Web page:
The UAE has launched a programme that aims to double family-owned businesses' contribution to the nation's gross domestic product to $320 billion by 2032 by preparing them for the future economy.
Thabat Venture Builder, the first such initiative in the region, will support companies through a five-month programme where they will look at how ideas can be transformed into viable business projects by adopting emerging technologies, the Ministry of Economy said at its launch in Dubai on Monday.
The programme aims to transform 200 family business projects into major companies by 2030 with a market value exceeding Dh150bn ($40.84bn) and annual revenues of Dh18bn, a statement from Dubai Media Office said.
The initiative will help family businesses enter sectors outside their traditional fields, and encourage them to embrace advanced knowledge-driven industries such as artificial intelligence, biotechnology, agricultural technology, space sciences and renewable energy.
It will take on batches of 10 to 20 family businesses, with each company nominating three of its members from the second or third generation.
This will culminate in a presentation of their projects to potential investors at the end of the programme.
Thabat, which was also developed to ensure smooth succession planning, is being supported by the Ministry of Economy's Investopia Summit, Abu Dhabi global technology ecosystem Hub71, Dubai Chambers, Family Business Council Gulf, CSR UAE and Dubai Internet City incubator in5.
The launch was attended by Sheikh Maktoum bin Mohammed, Deputy Prime Minister, Minister of Finance and Deputy Ruler of Dubai, and Omar Al Olama, Minister of State for Artificial Intelligence, Digital Economy and Remote Work Applications and chairman of the Dubai Chamber of Digital Economy.
“We are keen to develop a system that would develop family businesses … helping them adopt advanced technologies and become part and parcel of the future [economy],” Abdulla bin Touq, Minister of Economy, said at the launch of the initiative.
“The UAE is about to enter unprecedented growth in the next 50 years, and family businesses are invited to become a pillar of this.”
The Ministry of Economy is working on creating an integrated system that brings together family businesses, start-ups, business accelerators and investors, he added.
Family businesses play an important role in supporting the UAE's economy and account for some of the biggest conglomerates in the nation.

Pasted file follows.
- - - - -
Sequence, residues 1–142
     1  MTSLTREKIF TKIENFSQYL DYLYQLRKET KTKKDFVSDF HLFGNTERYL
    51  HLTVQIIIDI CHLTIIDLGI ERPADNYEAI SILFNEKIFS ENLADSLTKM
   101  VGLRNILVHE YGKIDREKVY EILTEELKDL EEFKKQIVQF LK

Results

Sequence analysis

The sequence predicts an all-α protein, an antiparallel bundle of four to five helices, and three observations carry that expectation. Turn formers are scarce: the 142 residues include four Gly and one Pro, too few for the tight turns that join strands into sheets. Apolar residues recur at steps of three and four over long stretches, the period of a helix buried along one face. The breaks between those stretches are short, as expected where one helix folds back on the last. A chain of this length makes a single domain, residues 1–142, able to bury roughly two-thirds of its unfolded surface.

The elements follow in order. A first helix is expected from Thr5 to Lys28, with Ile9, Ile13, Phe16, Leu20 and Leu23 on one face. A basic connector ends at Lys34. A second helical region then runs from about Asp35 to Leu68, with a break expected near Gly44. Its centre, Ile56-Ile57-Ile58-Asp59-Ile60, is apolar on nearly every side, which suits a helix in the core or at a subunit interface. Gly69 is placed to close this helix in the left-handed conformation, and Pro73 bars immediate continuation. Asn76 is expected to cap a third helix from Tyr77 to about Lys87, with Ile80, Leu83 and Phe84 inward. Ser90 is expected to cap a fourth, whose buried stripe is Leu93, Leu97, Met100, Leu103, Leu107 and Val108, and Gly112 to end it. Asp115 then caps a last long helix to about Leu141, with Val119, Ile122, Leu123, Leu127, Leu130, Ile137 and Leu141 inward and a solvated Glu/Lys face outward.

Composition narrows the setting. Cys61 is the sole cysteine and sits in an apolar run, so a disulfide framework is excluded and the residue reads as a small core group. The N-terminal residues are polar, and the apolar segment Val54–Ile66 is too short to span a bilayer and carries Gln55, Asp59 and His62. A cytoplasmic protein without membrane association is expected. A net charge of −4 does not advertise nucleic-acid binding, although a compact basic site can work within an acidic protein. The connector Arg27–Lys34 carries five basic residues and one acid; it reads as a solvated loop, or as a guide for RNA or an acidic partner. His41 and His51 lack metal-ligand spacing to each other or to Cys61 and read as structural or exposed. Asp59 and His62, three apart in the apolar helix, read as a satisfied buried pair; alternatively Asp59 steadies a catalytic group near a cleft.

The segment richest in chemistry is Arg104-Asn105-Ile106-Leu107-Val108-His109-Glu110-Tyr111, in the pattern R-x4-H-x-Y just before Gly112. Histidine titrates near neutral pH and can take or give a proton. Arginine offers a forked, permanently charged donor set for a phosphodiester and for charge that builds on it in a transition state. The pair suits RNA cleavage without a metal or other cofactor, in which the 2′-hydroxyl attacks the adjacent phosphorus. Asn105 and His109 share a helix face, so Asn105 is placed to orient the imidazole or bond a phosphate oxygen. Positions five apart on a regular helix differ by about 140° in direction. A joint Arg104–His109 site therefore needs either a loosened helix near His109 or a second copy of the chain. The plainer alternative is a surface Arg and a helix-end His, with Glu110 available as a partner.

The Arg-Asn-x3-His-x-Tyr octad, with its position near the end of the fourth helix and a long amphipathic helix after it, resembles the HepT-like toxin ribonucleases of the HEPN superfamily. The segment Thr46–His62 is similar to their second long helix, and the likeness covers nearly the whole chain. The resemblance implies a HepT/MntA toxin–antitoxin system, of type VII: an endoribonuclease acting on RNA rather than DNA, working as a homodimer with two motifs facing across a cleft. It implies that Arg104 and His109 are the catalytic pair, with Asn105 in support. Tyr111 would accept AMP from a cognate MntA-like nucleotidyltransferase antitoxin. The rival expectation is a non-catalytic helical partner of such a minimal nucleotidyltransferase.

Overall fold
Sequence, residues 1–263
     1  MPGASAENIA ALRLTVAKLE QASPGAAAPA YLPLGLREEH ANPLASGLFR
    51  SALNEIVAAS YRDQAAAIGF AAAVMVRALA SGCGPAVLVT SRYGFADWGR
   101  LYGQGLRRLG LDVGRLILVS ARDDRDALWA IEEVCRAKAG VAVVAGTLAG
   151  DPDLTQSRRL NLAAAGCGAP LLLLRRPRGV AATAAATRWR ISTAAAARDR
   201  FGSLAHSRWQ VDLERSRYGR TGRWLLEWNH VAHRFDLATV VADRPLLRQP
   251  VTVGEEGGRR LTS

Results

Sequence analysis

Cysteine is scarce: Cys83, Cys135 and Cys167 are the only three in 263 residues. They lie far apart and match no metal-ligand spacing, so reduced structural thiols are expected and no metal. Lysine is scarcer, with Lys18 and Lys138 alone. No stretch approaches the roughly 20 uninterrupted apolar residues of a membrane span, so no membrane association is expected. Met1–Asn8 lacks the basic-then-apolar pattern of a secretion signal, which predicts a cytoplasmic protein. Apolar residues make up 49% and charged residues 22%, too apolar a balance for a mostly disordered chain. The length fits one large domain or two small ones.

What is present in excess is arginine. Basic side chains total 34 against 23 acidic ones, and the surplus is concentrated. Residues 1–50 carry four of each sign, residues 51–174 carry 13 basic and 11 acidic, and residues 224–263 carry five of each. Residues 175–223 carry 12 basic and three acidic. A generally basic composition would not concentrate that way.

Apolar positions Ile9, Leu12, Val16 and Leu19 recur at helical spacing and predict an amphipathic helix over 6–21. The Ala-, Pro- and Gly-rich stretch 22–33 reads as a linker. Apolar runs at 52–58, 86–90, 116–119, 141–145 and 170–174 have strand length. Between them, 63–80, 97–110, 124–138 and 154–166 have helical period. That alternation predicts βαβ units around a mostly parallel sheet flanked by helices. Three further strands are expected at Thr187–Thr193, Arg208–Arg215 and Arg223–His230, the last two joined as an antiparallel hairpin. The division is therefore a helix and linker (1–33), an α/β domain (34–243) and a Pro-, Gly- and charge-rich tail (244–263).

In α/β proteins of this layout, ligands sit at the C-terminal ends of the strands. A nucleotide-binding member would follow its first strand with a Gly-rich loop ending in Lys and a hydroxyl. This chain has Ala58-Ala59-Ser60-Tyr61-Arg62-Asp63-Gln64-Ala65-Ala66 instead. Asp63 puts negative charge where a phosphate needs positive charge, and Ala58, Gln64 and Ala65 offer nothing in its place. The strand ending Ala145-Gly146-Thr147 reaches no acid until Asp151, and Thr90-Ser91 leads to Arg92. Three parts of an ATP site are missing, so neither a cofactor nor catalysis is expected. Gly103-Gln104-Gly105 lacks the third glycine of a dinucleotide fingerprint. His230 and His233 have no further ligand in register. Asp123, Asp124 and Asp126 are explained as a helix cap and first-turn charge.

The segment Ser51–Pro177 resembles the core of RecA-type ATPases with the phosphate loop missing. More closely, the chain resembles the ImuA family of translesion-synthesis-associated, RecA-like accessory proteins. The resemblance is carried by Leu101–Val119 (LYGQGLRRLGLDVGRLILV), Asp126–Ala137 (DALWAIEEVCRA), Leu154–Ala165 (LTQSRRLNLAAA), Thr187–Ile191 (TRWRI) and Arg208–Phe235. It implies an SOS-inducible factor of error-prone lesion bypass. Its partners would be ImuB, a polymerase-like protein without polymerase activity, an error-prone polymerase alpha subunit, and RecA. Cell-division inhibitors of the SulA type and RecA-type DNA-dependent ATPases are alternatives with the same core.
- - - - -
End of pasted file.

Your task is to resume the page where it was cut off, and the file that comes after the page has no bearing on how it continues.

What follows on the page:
These companies span multiple key sectors, including finance, real estate, retail, lifestyle and technology.
Up to 90 per cent of private companies in the country are family businesses, employing more than 70 per cent of the sector's workforce and contributing about 40 per cent to the Emirates GDP, according to data presented by the Ministry of Economy at the launch.
Thabat aims to further strengthen the role of family businesses by helping them transition from the traditional economy to a future that is technologically driven, said Abdulaziz Al Ghurair, chairman of Dubai Chambers.
“The biggest challenge is initiative, and most families are used to the traditional economy. They need to take initiative into this new economy, and in the new economy, you need to know the business and you also take some risks,” Mr Al Ghurair told The National.
“They started very small but they had the vision. These digital companies are now dominating, and we want to encourage this,” he said.
Mr Al Ghurair said Thabat was “explicit” in encouraging more participation from women, who will play an important role in family businesses.
“They are the future shareholders of companies; when fathers move on, daughters will become shareholders. You need women to be aligned to the interest of the company. Sometimes, because of exclusion, they just want out, but we don’t want that,” he said.
In January, the UAE issued a new family business ownership governance law, further strengthening the sector’s contribution to the economy and facilitating the transition to successive generations.
Mr Al Ghurair also did not rule out encouraging family businesses to consider initial public offerings, given that the government is promoting local listings.
“Going IPO is one of the solutions, but I think [creating] awareness at family businesses, ensuring that it is run as a corporate and not as a father-son company, is very important to ensure a smooth transition,” he said.